‘The Treasure’ (‘Comoara’): Cannes Review

A minimalist art house adventure with some unexpected twists

Director Corneliu Porumboiu bowed his new feature in the Un Certain Regard sidebar.

Digging for a buried treasure is perhaps the best metaphor to describe what it’s like to watch the movies of Romanian auteur Corneliu Porumboiu: You have to scratch a lot beneath the surface, but in the end you’ll find something of lasting value.

His best work to date, Police, Adjective — which won the Un Certain Regard Prize in 2009 — is an extremely slow-burn thriller where the main action scene involves two men arguing over a dictionary. As dull as that may sound, the film is actually a gripping portrait of authority and obedience that speaks volumes about the legacy of Ceausescu’s 22-year dictatorship.

In his latest low-key tale, The Treasure (Comoara), Porumboiu takes the childhood fantasy of searching for hidden family jewels and turns it into something much more curious: a subtle adventure of thwarted ambitions and hidden dreams — not to mention a brief recap of Romania’s revolutionary past — where finding the loot takes as long onscreen as it does in real life. It’s not quite as powerful as Police, though more accessible than the director’s recent run of experimental narratives, and the ending will surely throw many viewers for a loop. But Treasure still confirms Porumboiu’s status as one of the more fascinating minds working in cinema today.

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With his typically minimalist approach to storytelling, the writer-director uses a series of scaled-down scenes to introduce real estate worker, Costi (Cuzin Toma), who lives with his wife (Cristina Toma) and son (Nicodim Toma) in a modest Bucharest apartment. One evening, Costi’s neighbor, Adrian (Adrian Purcarescu), asks to borrow some money. When Costi refuses, Adrian explains that he needs the cash to rent an expensive metal detector, which he wants to use to locate a treasure supposedly buried in the garden of his dead grandfather’s country house.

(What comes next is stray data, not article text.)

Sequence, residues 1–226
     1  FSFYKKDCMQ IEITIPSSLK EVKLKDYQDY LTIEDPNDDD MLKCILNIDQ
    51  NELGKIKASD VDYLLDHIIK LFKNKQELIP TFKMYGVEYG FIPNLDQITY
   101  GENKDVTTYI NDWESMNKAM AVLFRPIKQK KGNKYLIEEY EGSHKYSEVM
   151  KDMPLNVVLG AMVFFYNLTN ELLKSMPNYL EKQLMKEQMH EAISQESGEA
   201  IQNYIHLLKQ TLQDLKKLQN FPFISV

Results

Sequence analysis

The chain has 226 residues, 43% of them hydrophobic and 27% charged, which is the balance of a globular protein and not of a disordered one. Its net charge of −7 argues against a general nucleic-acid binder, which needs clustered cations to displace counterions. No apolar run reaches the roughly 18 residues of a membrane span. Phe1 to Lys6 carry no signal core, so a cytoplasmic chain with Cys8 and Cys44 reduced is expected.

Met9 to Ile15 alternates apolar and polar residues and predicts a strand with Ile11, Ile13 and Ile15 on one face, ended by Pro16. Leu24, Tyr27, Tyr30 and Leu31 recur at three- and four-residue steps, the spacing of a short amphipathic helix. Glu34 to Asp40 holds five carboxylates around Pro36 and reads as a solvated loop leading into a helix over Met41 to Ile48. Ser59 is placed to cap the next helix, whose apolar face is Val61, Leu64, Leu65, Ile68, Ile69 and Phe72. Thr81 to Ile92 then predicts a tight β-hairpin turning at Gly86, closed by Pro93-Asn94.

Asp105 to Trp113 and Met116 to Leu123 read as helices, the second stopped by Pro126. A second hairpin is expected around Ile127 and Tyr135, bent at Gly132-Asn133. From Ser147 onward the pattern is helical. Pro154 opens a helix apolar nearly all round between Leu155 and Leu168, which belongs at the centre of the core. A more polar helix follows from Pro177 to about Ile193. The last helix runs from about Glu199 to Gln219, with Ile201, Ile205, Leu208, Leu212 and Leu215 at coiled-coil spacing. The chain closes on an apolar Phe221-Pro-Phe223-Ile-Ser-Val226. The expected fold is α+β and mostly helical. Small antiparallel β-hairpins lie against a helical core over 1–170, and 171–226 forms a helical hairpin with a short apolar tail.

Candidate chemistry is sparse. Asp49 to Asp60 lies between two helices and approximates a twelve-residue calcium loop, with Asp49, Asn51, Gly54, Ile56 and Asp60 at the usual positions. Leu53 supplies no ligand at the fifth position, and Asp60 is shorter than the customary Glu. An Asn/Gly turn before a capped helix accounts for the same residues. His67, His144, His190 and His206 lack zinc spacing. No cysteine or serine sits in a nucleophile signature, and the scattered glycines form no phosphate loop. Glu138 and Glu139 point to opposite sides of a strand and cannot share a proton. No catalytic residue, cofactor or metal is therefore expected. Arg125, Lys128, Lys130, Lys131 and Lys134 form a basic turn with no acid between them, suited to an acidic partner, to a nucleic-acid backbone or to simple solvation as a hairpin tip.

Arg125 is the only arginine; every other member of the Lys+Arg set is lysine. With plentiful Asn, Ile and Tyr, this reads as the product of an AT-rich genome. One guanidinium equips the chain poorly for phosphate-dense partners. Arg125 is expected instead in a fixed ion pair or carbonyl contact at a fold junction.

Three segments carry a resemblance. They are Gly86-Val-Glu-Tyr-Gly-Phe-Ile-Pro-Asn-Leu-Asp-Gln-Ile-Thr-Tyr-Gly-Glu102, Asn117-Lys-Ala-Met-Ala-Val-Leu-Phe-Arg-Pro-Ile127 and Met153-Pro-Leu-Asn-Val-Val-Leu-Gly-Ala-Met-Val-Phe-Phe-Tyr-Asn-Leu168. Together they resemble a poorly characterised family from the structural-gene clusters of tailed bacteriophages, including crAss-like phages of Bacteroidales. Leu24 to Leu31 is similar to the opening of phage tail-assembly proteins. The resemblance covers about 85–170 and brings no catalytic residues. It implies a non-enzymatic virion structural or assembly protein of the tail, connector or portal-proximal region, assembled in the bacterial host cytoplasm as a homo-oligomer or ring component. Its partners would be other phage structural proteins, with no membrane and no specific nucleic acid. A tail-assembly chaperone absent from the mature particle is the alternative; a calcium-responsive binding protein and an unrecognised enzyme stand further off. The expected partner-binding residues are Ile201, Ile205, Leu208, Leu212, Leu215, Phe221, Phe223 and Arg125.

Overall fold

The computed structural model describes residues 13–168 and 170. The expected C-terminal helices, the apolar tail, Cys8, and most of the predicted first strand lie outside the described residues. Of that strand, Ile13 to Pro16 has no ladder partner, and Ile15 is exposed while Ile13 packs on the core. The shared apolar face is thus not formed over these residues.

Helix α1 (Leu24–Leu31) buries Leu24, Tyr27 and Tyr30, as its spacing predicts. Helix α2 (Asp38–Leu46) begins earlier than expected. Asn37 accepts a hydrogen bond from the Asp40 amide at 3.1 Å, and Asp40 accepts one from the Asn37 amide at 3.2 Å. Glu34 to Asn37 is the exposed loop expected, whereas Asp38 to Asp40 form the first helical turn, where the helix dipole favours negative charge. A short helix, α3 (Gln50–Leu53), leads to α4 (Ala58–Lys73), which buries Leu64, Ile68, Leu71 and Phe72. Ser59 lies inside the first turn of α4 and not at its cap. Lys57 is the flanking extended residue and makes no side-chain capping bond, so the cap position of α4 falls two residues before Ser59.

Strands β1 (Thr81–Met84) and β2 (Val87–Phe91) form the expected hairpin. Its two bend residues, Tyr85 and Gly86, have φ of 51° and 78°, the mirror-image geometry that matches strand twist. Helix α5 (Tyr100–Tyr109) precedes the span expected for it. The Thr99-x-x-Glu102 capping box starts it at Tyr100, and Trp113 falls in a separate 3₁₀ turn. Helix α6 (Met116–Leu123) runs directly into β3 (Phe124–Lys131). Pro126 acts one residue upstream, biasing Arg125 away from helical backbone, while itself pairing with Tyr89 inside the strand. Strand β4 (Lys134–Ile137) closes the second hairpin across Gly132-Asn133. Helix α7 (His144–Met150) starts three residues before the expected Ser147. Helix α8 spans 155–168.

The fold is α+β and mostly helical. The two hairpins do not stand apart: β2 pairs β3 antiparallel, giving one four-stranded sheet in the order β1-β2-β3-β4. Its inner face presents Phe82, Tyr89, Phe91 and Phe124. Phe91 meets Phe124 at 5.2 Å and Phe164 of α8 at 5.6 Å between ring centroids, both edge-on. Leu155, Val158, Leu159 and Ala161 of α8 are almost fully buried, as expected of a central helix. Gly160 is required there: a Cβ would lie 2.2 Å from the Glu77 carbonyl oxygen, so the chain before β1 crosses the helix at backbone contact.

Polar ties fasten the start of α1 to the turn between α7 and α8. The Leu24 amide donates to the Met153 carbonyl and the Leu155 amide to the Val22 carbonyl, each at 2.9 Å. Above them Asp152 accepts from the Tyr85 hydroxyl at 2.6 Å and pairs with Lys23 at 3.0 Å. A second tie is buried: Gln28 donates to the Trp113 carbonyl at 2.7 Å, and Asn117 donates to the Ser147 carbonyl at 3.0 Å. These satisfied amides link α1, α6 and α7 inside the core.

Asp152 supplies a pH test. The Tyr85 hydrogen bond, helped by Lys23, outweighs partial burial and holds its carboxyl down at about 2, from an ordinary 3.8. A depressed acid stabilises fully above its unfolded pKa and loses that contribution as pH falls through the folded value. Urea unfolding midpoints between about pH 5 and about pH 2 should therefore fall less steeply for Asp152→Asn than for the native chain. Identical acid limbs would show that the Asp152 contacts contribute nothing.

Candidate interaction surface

After some thought and discussions with his wife, Costi decides to help out, agreeing to split the proceeds 50/50 and hiring a professional treasure hunter (Corneliu Cozemi) to assist in the search. It’s then that things get complicated: Not only is it exceptionally laborious to scan an acre of property for traces of metal, but it’s soon made clear that even if the two ultimately wind up finding something, the government may declare it as state property and keep the majority of the proceeds.

Never one to rush the viewer, Porumboiu takes us through the whole tedious process of detecting objects underground and trying to dig them up. Like The Treasure of the Sierra Madre on sedatives, Costi’s quest is depicted in a highly mundane manner but still provides enough suspense to keep one guessing, while also delving into aspects of Romanian history related to Adrian’s family home — located nearby the site of pivotal events of the 1848 Wallachian liberal uprising. In some respects, digging the ground is a way for the two men to excavate their country’s troubled past.

Once Costi and Adrian uncover an object of potential value, Porumboiu takes the plot in some surprisingly literal directions, building to an upbeat finale that toes the line between reality and pure fairytale. It’s a twist that will definitely leave certain members of the audience either confused or let down, but it manages to address issues raised earlier on about Costi’s heroism in the eyes of his own son, while returning to the story of Robin Hood they read together in one of the first scenes.

Filmed in simple, static shots by DP Tudor Mircea (When Evening Falls on Bucharest or Metabolism), the action is reduced to lengthy deadpan sequences where things start off one way only to head someplace else, as clues are subtly revealed through dialog that often understates what's happening. It's a technique that keeps viewers at a safe distance while luring them in at the same time. In Porumboiu’s movies, what you see is never what you get, and there are riches to be had if you just keep looking.


Production companies: 42KM Film, Les Films du Worso, Rouge International
Cast: Cuzin Toma, Adrian Purcarescu, Corneliu Cozmei, Cristina Toma, Nicodim Toma
Director, screenwriter: Corneliu Porumboiu
Producers: Marcela Ursu, Sylvie Pialat, Nadia Turincev, Julie Gayet
Director of photography: Tudor Mircea
Production designer: Mihaela Poenaru
Costume designer: Monica Florescu
Editor: Roxana Szel
Casting director: Bogdan Dumitrache
International sales: Wild Bunch
No rating, 88 minutes